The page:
Raman scattering regimes


The nonlinear effects driven by the Raman response strongly depend on the pump pulse duration relative to both the period of the molecular oscillations TR (inversely proportional to the Raman transition frequency) and their dephasing time T2. Raman-induced index change underlies such nonlinear dynamics and is a good indicator for explaining and distinguishing different regimes of Raman physics. Since the index change is proportional to coherence, molecular oscillations are commonly referred to as coherence waves or phonon waves. Raman dephasing time is thus equivalent to the phonon decay time.

In general, there are three regimes of Raman scattering according to the response of permittivity to the field. Below we briefly list a few properties they have.


Impulsive regime (pulse duration<TR, T2>>pulse duration and TR):

The pulse is short enough to impulsively excite the Raman scattering and induce an index modulation that follows an almost-undamped sinusoidal wave. The sinusoidal index modulation allows for a nonlocal coherent interaction between two temporally-separated pulses [1].

Evolution of pulse temporal profile (blue) and Raman-induced index modulation (orange). This demonstrates the soliton self-compression where the pulse is shortened nonlinearly during propagation. After it is shortened below the Raman cycle, it enters the impulsive Raman regime and thus drives the sinusoidal index modulation. Here, a 10-fs pulse is shortened to 2 fs, driving the vibrational SRS in H2 that has a 8-fs cycle.

In general, gases have long dephasing times, so their index modulations continue to ring for a long time. There are several patterns of index modulations resulting from interference of phonon waves. Below we show the impulsively-excited index modulations from N2, O2, and H2.

Transient regime (pulse duration>TR, , T2>>pulse duration and TR):

Here, the permittivity change follows the field, which resembles the Kerr electronic response. Since the electronic response in gases is weak, this Raman-induced Kerr effect contributes significantly to an enhanced effective Kerr nonlinearity and leads to an enhancement of the soliton self-compression [2] and spectral broadening during SRS [3] in H2.

In addition to the Raman-enhanced Kerr effect, the Raman-Stokes pulse generated in the transient regime has a phase that is copied from the pump pulse; that is to say, the coherent property is transferred to the Raman-Stokes pulse. This property of coherent tranfer allows for the generation of ultrashort Raman generation with an ultrashort pump pulse. The phase copy from the pump to the Stokes field underlies the SPM-induced Raman suppression. Strong SPM is known to suppress SRS in the transient Raman regime due to phase mismatch [4]. Besides, a long-lasting Raman response implies that Raman generation depends on the pulse energy [5-7].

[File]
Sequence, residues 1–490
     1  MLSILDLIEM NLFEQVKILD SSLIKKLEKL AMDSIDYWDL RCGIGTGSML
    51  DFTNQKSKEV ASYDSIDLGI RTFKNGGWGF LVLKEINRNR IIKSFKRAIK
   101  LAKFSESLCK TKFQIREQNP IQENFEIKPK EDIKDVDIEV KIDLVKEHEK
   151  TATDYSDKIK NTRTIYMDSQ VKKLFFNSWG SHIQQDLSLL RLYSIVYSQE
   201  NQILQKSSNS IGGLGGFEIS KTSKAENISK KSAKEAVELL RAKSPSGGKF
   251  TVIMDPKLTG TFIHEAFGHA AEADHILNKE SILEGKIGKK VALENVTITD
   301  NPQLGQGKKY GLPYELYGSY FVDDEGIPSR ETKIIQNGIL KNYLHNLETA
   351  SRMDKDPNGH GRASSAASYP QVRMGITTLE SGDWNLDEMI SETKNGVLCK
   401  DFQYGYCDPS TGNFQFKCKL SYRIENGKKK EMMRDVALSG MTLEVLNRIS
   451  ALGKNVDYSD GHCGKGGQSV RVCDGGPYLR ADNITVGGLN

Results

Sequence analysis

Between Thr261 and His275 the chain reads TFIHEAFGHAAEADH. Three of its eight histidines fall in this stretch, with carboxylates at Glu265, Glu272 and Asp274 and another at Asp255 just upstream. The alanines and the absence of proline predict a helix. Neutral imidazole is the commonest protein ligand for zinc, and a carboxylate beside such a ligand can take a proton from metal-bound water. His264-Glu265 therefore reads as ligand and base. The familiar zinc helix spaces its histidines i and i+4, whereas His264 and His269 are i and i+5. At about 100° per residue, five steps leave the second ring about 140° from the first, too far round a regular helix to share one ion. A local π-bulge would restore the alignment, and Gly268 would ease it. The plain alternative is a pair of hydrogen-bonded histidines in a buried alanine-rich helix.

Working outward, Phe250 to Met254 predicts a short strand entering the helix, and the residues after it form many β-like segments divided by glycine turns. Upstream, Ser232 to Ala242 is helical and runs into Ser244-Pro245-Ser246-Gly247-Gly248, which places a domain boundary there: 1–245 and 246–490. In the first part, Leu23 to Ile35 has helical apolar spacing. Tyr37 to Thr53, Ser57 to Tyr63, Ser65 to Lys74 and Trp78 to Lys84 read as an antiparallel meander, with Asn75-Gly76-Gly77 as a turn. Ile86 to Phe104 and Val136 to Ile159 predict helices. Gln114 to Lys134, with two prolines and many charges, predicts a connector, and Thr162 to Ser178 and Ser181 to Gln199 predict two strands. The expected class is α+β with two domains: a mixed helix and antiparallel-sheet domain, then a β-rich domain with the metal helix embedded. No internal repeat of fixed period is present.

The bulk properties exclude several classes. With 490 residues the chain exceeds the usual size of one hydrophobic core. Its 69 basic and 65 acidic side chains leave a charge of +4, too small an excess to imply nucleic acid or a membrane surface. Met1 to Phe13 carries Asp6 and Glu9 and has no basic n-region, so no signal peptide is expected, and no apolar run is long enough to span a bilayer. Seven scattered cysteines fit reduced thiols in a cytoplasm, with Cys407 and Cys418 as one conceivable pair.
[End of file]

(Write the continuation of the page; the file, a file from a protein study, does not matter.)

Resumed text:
Evolution of pulse temporal profile (blue) and Raman-induced index modulation (orange). This demonstrates that the Raman-induced index follows the shape of the pulse in the transient regime. During the propagation, the Raman Stokes signal grows and beats with the pump, creating short peaks which drive the impulsive-Raman sinusoidal index modulation.


Steady-state regime (pulse duration>T2):

In contrast to the pump-Stokes coherent phase transfer in the transient regime, the Stokes field in the steady-state Raman regime, which is common in silica-based solid-core fibers, does not inherit the phase from the pump. Its phonons dissipate too fast compared to the pulse duration; therefore, the Raman generation depends only on the instantaneous pump intensity. If the Stokes seed results from spontaneous Raman scattering and is thus noisy, each temporal slice of a Stokes pulse exhibits a different phase due to the noisy seed growing independently.

To model the Raman effect, we have derived the analytical equations in the supplement of our papers [8,9].


[1] F. Belli, A. Abdolvand, J. C. Travers, and P. St. J. Russell, “Control of ultrafast pulses in a hydrogen-filled hollow-core photonic-crystal fiber by Raman coherence”, Phys. Rev. A 97, 013814 (2018).

[2] F. Belli, A. Abdolvand, W. Chang, J. C. Travers, and P. St. J. Russell, “Vacuum-ultraviolet to infrared supercontinuum in hydrogen-filled photonic crystal fiber”, Optica 2, 292–300 (2015).

[3] L. L. Losev, “Spectral broadening of femtosecond pulses during SRS in hydrogen”, Laser Phys. Lett. 19, 095402 (2022).

[4] A. V. Konyashchenko, P. V. Kostryukov, L. L. Losev, and V. S. Pazyuk, “Minimum possible laser pulse duration for SRS”, Quantum Electron. 47, 593–596 (2017).

[5] R. L. Carman, F. Shimizu, C. S. Wang, and N. Bloembergen, “Theory of Stokes Pulse Shapes in Transient Stimulated Raman Scattering”, Phys. Rev. A 2, 60–72 (1970).

[6] M. D. Duncan, R. Mahon, L. L. Tankersley, and J. Reintjes, “Transient stimulated Raman amplification in hydrogen”, J. Opt. Soc. Am. B 5, 37–52 (1988).

[7] P. Hosseini, D. Novoa, A. Abdolvand, and P. St. J. Russell, “Enhanced Control of Transient Raman Scattering Using Buffered Hydrogen in Hollow-Core Photonic Crystal Fibers”, Phys. Rev. Lett. 119, 253903 (2017).

[8] Y.-H. Chen, P. Sidorenko, E. Antonio-Lopez, R. Amezcua-Correa, and F. W. Wise, “Efficient soliton self-frequency shift in hydrogen-filled hollow-core fiber”, Opt. Lett. 47, 285–288 (2022).

[9] Y.-H. Chen, J. Moses, F. Wise, “Femtosecond long-wave-infrared generation in hydrogen-filled hollow-core fiber”, J. Opt. Soc. Am. B (2023)